July 12, 2004.
By Evan Pondel,
Los Angeles Daily News.
SYLMAR -- It's been nearly a year since Constance Schoeman saw the light.
Blind for more than a decade, she remembers a soft glow that formed in front of her face when scientists switched on the machine.
She could make out objects, faintly. A cup was a foggy blob. A plate was an even bigger foggy blob.
And, then, there was darkness.
That's how light goes for Schoeman, who signed up for clinical trials with a Sylmar-based company that manufactures a seeing device. U.S. regulators recently granted Second Sight the ability to send the device home with patients. Should this next round of trials prove successful, those who thought they would never see again may soon have a second chance.
"I feel good about what I'm doing. And I don't mean to brag, but it makes me feel like I'm a contributor to science," said Schoeman, 77, who lives in La Canada Flintridge with her husband.
Schoeman began losing her sight more than four decades ago because of retinis pigmentosa, a hereditary disease that eventually eats away the retina. Positioned at the back of the eye, the retina is critical for sight, functioning like film in a camera as it absorbs and processes objects.
Though scientists at Second Sight call their seeing device a retinal prosthesis, the technology vastly differs from the average artificial appendage. The first step for sight requires placing an electrically charged pad the size of a nailhead behind the eye. Surgeons use a backdoor method, tunneling around the ear alongside the head. A wire is then fed through the tunnel, connecting the eye to a battery-charged implant behind the ear.
The process involves cochlear implants, which have long been used to help people hear. Alfred E. Mann, a pioneer in this area, decided to apply the same technology to sight after a blind investor posed the idea. Mann then recruited an expert from the Food and Drug Administration, raised several million dollars and started Second Sight about six years ago.
As many of Mann's creations do, the technology mimics what only nature once dictated. "The device reminds people of Geordi from 'Star Trek.' But this technology is far from science fiction," said Dr. Robert Greenberg, president and chief executive officer of Second Sight.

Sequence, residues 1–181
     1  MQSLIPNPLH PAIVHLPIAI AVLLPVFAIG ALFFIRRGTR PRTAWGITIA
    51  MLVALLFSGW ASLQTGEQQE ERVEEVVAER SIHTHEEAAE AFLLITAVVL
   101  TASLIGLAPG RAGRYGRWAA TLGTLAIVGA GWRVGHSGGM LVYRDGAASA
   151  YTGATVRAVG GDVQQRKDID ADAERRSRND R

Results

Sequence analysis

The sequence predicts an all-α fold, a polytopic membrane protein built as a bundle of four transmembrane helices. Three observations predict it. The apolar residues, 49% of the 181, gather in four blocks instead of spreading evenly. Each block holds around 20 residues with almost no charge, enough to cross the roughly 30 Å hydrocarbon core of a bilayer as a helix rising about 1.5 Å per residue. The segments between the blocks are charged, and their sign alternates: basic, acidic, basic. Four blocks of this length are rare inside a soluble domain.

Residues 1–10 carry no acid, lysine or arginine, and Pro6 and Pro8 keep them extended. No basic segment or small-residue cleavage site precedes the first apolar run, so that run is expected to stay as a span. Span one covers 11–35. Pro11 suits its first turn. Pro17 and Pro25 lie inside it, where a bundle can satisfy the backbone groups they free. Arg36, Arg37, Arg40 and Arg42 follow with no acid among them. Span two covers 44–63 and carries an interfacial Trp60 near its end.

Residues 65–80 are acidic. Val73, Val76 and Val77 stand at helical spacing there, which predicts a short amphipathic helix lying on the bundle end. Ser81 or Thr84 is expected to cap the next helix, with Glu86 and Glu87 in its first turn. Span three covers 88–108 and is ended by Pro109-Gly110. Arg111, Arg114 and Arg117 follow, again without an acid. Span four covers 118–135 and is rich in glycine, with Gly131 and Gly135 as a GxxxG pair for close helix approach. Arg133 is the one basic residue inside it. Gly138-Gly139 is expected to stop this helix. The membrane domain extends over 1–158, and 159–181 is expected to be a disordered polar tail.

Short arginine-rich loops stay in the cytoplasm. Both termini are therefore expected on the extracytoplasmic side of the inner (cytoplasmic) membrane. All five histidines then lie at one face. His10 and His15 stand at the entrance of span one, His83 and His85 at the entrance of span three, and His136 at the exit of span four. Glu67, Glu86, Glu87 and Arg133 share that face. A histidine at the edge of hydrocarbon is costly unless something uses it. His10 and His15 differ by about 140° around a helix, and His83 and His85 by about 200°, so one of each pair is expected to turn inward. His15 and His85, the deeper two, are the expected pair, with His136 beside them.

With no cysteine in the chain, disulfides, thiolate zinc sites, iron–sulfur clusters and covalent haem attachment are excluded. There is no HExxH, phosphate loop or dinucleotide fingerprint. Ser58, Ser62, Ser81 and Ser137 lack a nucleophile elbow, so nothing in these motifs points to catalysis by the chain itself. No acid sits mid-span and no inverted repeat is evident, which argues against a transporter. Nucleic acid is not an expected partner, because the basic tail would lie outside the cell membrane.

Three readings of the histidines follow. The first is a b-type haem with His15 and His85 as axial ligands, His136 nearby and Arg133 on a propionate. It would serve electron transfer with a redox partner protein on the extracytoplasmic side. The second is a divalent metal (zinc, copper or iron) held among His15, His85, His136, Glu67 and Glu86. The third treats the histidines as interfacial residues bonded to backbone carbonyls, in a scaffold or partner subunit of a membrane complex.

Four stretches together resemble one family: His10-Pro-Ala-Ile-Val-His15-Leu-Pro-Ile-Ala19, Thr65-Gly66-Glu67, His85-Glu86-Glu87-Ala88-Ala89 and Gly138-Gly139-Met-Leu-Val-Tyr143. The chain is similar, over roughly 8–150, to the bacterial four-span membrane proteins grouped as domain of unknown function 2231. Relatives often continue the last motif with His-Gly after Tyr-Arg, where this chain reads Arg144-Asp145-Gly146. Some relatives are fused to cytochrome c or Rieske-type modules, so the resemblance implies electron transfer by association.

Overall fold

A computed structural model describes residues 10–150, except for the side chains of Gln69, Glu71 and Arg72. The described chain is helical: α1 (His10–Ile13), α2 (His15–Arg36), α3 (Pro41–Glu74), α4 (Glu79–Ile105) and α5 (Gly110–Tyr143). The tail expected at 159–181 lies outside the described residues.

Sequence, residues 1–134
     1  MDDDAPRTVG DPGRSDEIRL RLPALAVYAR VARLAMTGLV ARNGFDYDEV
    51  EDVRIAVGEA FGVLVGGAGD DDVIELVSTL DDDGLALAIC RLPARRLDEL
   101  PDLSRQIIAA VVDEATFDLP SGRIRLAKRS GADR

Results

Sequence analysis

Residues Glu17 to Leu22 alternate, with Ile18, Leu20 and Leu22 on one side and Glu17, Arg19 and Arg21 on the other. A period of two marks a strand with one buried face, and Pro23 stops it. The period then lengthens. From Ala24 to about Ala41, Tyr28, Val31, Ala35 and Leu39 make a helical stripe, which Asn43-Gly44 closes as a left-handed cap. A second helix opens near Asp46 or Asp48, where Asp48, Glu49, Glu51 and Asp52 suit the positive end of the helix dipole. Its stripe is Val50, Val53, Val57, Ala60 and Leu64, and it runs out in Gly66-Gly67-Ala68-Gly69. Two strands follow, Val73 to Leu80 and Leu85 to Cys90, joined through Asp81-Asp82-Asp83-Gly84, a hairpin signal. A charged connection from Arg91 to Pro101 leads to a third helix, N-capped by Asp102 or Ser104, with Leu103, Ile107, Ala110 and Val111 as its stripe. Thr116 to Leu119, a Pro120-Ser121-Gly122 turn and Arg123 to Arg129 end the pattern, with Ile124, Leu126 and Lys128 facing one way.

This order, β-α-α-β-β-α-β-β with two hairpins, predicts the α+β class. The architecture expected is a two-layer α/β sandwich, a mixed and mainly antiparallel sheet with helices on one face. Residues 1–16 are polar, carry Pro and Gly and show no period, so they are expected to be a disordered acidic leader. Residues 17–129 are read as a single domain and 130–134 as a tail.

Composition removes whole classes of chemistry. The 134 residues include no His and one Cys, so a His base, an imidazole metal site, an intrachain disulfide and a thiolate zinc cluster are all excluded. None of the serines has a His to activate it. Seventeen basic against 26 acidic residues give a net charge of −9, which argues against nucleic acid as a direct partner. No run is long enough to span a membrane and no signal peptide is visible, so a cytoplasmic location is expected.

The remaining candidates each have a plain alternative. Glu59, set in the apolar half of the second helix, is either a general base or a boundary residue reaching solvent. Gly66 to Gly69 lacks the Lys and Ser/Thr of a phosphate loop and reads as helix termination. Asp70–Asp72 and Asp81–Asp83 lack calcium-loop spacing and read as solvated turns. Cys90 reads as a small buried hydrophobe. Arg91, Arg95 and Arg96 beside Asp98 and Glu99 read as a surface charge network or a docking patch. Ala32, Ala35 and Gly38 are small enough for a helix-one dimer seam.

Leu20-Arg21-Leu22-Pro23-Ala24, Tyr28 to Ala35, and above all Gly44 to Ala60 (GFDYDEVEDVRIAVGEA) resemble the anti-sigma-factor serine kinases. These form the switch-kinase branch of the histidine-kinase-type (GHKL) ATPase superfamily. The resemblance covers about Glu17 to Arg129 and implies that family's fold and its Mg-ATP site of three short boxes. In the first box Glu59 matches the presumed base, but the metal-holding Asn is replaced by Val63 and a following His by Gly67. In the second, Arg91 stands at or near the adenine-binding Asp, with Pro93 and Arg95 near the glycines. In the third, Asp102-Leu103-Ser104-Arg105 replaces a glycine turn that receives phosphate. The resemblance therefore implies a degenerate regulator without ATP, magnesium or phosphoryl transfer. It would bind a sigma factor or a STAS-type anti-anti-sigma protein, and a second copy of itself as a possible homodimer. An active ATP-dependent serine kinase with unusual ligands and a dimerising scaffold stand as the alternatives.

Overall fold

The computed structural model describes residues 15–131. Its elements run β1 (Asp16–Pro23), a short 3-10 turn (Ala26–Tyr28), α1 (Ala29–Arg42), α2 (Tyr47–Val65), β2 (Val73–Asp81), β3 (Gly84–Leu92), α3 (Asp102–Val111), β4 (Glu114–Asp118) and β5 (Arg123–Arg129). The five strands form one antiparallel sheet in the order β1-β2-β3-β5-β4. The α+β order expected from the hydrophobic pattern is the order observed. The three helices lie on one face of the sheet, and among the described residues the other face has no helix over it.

Greenberg is a dreamer whose affinity for "The Six Million Dollar Man" eventually influenced his career path. Electronics always came easy to this 36-year-old who grew up in Long Island. After devoting undergraduate studies to the field, he decided to apply his circuit wizardry to medicine at Johns Hopkins University.
During his studies there, Greenberg rigged up a device that essentially stimulated the nerve fibers in the eye. The first trial involved an individual who was blind from birth.
"It was a very emotional experience. When we hooked the person up to the rack, it was as if I turned on ESP -- a sense you have never experienced. The patient described it as a retinal storm, and we decided not to continue," said Greenberg, whose passion for vision is influenced by his artist wife.
To this day, those who are blind from birth are usually not the preferred candidates for Second Sight. The area of the brain responsible for sight isn't as developed as it is in those who have seen before.
There are other companies developing implantable retinas. Naperville, Ill.-based Optobionics is in clinical trials with its artificial silicon retina microchip. The device is fully implantable and about as thick as a piece of human hair. The microchip, which converts light into electrical impulses, has been implanted in 10 people who are legally blind.
"One of the patients, Maria, reported she was able to see some colors and fruits," said Katie Annif, a spokeswoman for Optobionics.
The ability to see is the result of a combination of electrical and chemical transmissions. Many of the devices do not cure blindness, but offer enough electrical stimulation to produce some form of sight.
Schoeman said she remembers what certain things look like, although the Second Sight device isn't quite strong enough to make out details. But Schoeman is also wearing the first-generation device, and the newer model will likely produce far more clarity.
Greenberg said the next-generation product is almost fully implantable. And instead of having only 16 electrical contact pads, the newer model will have 50 to 100. That means far more electrical impulses to produce images.
As for Mann, he continues to draw attention from large companies looking for acquisitions. Boston Scientific Corp. announced in early June that it would acquire Mann's Advanced Bionics Corp. for $740 million in cash, providing a greater platform for a variety of devices that treat hearing loss and back pain by stimulating nerve fibers.
The deal calls for Advanced Bionics to receive earn-out payments based on the Valencia company's future performance. Boston Scientific executives expect the move to net more than $1 billion in sales by 2010, tapping into a neurostimulation-device market that is currently valued at about $1.6 billion worldwide.
"There's a lot going on right now. Second Sight is making progress, and we expect to see great things coming out of that company soon," Mann said.
Schoeman is looking forward to the day when other people will benefit from an artificial retina. And though she doesn't expect to see things quite as clearly as she did 50 years ago, "the vision others will have will be just as gratifying," she said.
Evan Pondel, (818) 713-3662.
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